As Wealthy Surge, U.S. Poor And Middle Class Incomes Have Gone Backward

 Jackson Pledger walks outside of his tent at a homeless encampment west of downtown Oklahoma City.

Jackson Pledger walks outside of his tent at a homeless encampment west of downtown Oklahoma City.

Middle- and low-income households in the U.S. made less money in 2014 than they did in 1999 as the middle class lost ground in almost 90 percent of the country’s metropolitan areas, a new analysis by the Pew Research Center released Wednesday has found.

The report looked at 229 of the 381 federally designated “metropolitan statistical areas” in the U.S., from Seattle to Boston, which accounted for 76 percent of the nationwide population in 2014. It found that poorer households saw their income drop from a median of $26,373 in 1999 to $23,811 in 2014, while middle-class incomes fell from $77,898 to $72,919 in that same time period.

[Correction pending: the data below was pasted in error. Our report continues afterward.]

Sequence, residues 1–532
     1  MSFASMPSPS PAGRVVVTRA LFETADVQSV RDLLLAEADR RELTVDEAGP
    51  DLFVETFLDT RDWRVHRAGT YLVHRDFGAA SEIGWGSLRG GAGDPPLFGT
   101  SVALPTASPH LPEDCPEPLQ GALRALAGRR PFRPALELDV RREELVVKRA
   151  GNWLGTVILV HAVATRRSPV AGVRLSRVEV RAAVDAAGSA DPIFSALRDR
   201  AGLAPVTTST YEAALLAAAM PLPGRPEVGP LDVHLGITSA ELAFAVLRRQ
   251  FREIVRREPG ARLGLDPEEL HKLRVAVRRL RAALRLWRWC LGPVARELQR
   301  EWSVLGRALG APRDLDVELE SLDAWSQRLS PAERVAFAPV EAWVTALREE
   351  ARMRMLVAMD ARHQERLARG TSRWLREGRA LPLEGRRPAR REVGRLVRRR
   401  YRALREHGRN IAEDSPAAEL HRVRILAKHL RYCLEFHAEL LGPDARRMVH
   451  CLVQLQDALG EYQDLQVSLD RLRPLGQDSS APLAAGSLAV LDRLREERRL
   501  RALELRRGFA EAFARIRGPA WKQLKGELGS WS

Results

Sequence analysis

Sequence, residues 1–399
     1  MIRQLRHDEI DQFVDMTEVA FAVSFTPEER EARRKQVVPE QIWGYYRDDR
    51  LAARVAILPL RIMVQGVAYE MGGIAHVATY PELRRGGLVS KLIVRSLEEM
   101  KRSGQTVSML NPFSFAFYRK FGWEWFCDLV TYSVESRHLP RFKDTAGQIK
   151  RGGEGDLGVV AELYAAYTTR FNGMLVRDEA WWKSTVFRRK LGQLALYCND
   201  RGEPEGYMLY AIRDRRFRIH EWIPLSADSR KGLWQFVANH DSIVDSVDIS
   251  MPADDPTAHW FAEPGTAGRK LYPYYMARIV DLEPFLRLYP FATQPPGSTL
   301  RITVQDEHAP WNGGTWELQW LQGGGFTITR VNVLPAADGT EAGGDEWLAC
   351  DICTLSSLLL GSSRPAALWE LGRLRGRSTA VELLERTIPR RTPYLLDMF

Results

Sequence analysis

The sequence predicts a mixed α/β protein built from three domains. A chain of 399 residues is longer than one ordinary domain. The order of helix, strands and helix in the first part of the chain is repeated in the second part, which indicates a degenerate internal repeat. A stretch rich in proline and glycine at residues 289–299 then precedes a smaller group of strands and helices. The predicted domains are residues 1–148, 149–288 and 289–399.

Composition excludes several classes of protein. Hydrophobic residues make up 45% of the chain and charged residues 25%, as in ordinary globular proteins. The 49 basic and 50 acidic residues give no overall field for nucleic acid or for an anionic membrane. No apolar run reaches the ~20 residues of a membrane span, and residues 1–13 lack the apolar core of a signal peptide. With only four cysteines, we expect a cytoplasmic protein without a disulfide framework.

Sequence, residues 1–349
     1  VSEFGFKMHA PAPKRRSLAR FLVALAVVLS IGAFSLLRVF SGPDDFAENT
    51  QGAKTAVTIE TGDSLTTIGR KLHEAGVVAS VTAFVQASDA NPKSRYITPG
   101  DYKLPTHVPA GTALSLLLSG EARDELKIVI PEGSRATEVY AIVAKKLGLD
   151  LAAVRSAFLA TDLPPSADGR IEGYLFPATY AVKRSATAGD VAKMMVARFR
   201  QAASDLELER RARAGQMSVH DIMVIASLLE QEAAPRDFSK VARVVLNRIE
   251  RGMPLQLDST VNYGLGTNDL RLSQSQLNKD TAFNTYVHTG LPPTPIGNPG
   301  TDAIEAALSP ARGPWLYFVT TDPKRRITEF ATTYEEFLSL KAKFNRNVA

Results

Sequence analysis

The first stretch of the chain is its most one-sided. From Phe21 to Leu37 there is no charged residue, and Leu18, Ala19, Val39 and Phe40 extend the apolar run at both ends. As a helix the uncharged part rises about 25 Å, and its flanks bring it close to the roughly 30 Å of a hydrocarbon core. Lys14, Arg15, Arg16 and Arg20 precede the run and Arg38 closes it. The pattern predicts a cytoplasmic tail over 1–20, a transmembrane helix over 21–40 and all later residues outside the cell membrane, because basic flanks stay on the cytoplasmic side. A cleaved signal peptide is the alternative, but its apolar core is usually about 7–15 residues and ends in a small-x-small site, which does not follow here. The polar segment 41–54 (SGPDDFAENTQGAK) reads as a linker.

The erosion of the middle class came as household incomes decreased, “a reminder that the economy has yet to fully recover from the effects of the Great Recession of 2007-09,” Pew said—but more than that, it is a reflection of rising income inequality.

The report continues:

The current and future status of the American middle class continues to be a central issue in the 2016 presidential campaign. Moreover, new economic research suggests that a struggling middle class could be holding back the potential for future economic growth. The national trend is clear—the middle class is losing ground as a share of the population, and its share of aggregate U.S. household income is also declining.

With fewer families in the middle tier, the gap between rich and poor is widening, the report found, with the share of adults in lower-income tiers rising in 160 areas.

The report follows a previous Pew analysis which found that for the first time in more than 40 years, the middle class is no longer the majority in America.

“The deeper root at what is driving inequality and really hollowing out the middle class—that is a pattern very strong in the metro areas,” Rakesh Kochhar, associate director of the Pew Research Center, told the Los Angeles Times. “It is cutting across all communities. No one seems immune to this widening inequality trend.”

“You can’t say this is a very positive change,” he added. “[T]his movement reflects more inequality in income and can be a hindrance to economic growth.”

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